On the third day of school, Lach fell asleep in class.  In first grade.  Impressive, because I hadn't mastered that skill until high school.  Apparently, he looked so wiped out that his teacher didn't have the heart to wake him and we figured he was just acclimating to the seven hour school days.  After school, Lachlan neglected to tell me about the whole sleeping at school thing and just told me he didn't feel well enough to go to karate.  Lach is always making excuses to get out of karate, so I called his bluff made him go anyway.  He complained as I helped him get dressed, whined on the way out to the car, and grumbled the whole way there.  Then on the way into the dojo he kept repeating that he was not feeling well.  He never mentioned that fact that he had fallen asleep at school earlier.  Poor kid sluggishly went through the motions in class, then crumpled to the ground in a crying heap when the kids let out their first kiai's.  Mother of the year here walked her sobbing son out to the car, took him home and led him to the couch, where he stayed for the rest of the evening.  Speaking only to ask someone to help him to bed.

Then Zane got sick.  Then Reese.  There was poop.  A lot of poop.  Ohmygosh, so much poop.  It was in beds, on couches, and in freshly washed outfits.  My children were waking in the middle of the night because poop.  I knew my days were numbered.  You can't spend this much time walking through the valley of the shadow of poop and come out unscathed.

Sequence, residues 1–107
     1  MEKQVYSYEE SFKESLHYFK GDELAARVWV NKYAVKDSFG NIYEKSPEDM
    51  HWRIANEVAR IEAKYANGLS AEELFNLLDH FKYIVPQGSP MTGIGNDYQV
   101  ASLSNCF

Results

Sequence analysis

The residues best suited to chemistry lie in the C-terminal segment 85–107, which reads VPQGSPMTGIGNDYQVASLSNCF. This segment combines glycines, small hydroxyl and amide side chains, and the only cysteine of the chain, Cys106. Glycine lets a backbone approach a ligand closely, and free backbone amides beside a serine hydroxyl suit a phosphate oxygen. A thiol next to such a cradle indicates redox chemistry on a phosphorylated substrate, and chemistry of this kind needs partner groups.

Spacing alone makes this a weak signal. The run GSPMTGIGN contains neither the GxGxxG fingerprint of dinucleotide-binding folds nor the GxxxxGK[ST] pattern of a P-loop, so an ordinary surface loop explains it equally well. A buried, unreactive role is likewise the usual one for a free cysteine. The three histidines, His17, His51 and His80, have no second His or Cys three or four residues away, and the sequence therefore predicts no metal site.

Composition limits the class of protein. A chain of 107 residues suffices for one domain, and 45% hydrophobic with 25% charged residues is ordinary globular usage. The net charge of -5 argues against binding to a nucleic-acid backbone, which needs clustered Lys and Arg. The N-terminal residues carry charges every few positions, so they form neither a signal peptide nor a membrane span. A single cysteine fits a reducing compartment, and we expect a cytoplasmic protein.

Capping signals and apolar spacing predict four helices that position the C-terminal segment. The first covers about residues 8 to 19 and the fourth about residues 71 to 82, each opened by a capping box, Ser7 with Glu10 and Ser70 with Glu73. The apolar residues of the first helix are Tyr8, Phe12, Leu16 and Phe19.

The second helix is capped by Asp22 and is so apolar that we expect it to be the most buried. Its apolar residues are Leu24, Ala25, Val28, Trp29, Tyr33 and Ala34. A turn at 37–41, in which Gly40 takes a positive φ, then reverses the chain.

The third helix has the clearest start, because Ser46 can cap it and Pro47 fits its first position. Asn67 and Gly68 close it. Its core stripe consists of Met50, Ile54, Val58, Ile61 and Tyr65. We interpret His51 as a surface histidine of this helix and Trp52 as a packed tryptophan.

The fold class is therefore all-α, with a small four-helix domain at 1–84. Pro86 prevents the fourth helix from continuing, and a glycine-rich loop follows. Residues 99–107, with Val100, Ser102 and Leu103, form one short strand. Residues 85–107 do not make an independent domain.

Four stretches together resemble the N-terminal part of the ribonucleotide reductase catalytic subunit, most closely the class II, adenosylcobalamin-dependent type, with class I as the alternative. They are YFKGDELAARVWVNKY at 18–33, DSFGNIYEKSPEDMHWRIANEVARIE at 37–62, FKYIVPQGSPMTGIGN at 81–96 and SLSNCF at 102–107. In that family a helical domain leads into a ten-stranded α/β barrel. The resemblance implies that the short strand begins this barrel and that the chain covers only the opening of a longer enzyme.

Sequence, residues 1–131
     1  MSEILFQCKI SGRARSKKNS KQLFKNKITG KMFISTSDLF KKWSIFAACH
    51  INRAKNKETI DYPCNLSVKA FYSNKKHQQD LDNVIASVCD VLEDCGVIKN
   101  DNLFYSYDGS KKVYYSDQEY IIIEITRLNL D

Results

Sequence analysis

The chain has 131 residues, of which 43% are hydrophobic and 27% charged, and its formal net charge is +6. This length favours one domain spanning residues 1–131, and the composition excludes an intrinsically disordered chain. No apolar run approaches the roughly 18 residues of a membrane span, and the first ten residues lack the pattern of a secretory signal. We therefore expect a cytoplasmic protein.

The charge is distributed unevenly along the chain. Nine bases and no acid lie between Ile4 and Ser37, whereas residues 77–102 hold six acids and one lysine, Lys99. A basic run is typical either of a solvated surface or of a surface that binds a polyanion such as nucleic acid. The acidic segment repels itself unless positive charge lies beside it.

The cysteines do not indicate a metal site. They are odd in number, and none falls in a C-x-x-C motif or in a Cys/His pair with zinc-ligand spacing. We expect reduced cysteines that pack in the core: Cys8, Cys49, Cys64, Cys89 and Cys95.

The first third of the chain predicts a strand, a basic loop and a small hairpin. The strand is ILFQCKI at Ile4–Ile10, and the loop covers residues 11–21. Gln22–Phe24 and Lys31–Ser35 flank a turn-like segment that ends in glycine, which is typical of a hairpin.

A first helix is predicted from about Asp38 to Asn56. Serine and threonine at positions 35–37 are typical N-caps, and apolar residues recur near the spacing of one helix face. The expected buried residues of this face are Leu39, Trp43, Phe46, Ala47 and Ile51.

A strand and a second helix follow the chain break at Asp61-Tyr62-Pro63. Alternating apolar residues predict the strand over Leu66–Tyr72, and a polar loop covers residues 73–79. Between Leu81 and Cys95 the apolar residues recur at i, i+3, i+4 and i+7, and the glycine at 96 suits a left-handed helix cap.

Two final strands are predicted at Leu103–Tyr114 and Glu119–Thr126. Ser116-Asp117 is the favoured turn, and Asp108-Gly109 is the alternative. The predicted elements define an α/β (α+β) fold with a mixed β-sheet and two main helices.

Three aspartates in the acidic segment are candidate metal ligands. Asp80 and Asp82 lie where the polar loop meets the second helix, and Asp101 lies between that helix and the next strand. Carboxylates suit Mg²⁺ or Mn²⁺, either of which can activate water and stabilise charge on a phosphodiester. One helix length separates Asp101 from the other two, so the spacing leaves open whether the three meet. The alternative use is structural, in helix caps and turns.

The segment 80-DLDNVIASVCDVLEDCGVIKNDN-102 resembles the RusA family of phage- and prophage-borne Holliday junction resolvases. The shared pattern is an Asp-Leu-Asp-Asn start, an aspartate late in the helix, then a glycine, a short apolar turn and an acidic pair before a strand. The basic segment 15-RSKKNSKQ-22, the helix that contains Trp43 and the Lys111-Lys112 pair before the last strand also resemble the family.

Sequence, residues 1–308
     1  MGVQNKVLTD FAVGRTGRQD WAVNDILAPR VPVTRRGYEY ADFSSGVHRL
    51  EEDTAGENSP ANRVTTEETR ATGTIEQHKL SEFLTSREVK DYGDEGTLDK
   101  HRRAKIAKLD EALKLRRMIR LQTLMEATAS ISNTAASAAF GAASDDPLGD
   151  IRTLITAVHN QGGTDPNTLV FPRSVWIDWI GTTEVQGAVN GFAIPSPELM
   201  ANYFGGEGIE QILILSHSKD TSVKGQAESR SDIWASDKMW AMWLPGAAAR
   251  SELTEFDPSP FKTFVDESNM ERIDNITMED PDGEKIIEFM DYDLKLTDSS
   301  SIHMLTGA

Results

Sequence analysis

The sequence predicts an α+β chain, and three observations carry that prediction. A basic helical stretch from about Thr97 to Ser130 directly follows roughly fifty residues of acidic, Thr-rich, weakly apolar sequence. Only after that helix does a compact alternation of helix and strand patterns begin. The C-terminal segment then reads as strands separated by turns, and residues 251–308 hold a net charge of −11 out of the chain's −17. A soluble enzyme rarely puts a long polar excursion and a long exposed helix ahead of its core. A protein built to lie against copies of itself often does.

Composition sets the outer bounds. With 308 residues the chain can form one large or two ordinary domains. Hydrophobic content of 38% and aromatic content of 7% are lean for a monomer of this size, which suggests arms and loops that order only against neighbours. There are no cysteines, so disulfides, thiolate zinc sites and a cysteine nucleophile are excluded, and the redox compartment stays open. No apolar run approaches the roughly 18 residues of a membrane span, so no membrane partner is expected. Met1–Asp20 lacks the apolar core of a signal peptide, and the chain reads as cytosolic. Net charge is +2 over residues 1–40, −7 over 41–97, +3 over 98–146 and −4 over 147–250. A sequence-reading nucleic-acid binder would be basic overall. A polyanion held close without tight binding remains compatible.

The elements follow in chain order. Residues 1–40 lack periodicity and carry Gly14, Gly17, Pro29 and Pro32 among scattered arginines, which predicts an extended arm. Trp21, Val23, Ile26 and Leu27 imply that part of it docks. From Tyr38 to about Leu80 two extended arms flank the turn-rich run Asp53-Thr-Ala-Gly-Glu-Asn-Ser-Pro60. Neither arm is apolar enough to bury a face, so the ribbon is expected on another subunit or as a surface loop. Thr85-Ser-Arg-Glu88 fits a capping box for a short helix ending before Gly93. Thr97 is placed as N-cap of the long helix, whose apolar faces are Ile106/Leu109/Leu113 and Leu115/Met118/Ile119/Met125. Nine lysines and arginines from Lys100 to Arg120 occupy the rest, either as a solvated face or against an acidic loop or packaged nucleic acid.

What I managed to contract was nothing like what boys had though. I'm not a middle-ground person.  It's either full-throttle or nothing. Don't ask me why I thought this was a good time for full throttle.  I was a useless slug for nearly three weeks.  Three weeks of lying in bed while my parents, in-laws, and husband ran the household.  I was tired, nauseous, and in intestinal distress.

WebMD told me I had prostate cancer.  I told you I was going full throttle on this thing.  That's why I grew a prostate just so I could get prostate cancer.  

After a full week of misery and being misled by WebMD (by the way, WebMD, we're over) and a trip to the emergency room for IV fluids, I took myself to see an actual, real life physician.  God bless the poor man, he had nothing but guesses ranging from c-diff to giardia to salmonella.  He wrote me a lab slip for a blood draw and a stool sample, in addition to a prescription for some anti-biotics and anti-parasitics that could kill the plague in a t-rex.

Now motherhood is the quickest path to losing most of your dignity and I'm fine with that.  That last speck of dignity? It's gone the day you poop in a cup. It's a good thing I did it though, because I was able to find out what I had. Wait for it. Nothing. All that lab work and the pooping out of my dignity to hear that I was perfectly freaking healthy.  Excuse me, but my gastrointestinal tract would like to say otherwise.